addition, there is also science showing that a change in nutrition can be a supplemental aid to recovery for people dealing with depression and anxiety. The connection between food and mental health is not entirely understood, but a few things that are known include:

Vitamins help the body boost serotonin, a mood regulating chemical that is essential to happiness.
  • Niacin rich foods along with other B vitamins found in dairy foods, eggs, fish, legumes, lean meats and fortified nuts and grains are sources of serotonin making niacin.
  • Vitamin B-6 increases serotonin levels and sources are seafood, such as tuna and salmon as well as poultry, chickpeas, liver, bananas, squash, rice, nuts, watermelon, and fortified grains.
  • Folic acid, also called folate or vitamin B-9 helps the body manufacture serotonin. Leafy green vegetables, wheat germ, beans, salmon, orange juice and avocado are best food sources.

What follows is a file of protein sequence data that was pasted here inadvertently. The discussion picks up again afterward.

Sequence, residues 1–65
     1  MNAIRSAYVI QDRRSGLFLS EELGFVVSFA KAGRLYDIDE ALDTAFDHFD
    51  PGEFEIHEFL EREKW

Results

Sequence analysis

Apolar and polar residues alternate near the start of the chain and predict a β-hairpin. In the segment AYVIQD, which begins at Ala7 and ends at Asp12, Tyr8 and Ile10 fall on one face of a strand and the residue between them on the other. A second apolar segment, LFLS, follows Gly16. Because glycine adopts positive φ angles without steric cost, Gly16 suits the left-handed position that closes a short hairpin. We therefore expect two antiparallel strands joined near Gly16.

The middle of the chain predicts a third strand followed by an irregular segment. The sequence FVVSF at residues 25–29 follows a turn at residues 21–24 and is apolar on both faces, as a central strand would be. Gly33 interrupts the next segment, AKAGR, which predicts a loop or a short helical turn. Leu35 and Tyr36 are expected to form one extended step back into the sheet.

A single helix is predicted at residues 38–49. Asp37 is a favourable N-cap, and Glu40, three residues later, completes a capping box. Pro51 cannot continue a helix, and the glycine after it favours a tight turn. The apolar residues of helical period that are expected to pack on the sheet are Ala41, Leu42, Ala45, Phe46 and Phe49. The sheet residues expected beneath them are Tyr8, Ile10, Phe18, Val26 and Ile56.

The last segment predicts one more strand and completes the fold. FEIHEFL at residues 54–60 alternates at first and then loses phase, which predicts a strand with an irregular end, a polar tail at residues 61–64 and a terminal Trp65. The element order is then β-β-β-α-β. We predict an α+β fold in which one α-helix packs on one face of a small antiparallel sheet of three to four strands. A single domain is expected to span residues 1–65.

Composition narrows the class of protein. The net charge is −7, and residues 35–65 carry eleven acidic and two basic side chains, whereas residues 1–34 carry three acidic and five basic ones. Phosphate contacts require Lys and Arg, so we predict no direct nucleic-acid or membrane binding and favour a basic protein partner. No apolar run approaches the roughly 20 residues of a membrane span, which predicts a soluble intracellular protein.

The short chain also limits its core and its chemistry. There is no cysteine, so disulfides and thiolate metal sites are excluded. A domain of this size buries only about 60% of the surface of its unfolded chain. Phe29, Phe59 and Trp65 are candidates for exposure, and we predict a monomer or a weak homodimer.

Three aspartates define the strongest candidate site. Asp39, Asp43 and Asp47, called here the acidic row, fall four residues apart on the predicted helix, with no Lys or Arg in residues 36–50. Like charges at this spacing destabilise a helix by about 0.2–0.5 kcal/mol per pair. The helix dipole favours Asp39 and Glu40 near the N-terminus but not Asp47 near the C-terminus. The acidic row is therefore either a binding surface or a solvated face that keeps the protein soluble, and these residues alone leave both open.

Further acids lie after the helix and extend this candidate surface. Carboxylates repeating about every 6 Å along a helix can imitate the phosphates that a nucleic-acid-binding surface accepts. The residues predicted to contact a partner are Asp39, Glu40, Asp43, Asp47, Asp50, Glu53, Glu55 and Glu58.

• Vitamin D can help boost serotonin. Dairy foods, and mushrooms are good food sources and sun exposure also raises vitamin D levels.
Too much sugar, even though lots of people turn to sugary sweets when anxious, can:
  • negatively affect your mood and are related to higher feelings of anxiety.
  • weaken ability to deal with stress by suppressing the area in the brain that controls stress response.
  • trigger imbalances in brain chemicals that lead to depression.

Simply seeing oneself as worthy of self-care and taking steps to better nutrition can be a start to raising spirits.

Recipe of the Month

Bacon-Balsamic Brussels Sprouts

brussel sprouts

4 slices thick-cut bacon, diced
2 tbsp. balsamic vinegar
2 lbs. brussels sprouts, ends trimmed, halved through the stem
2 tsp. extra-virgin olive oil
¼ tsp. kosher salt
⅛ tsp ground black pepper

Preheat oven to 450°F. Spread the bacon in a large, ovenproof skillet or 9x13 inch baking dish. Roast 5 minutes. Stir bacon, and then add sprouts, olive oil, salt and pepper (without stirring, so bacon stays on the bottom at first). Roast 45 minutes, stirring every 15 minutes or until bacon is crisp and sprouts are tender and browned.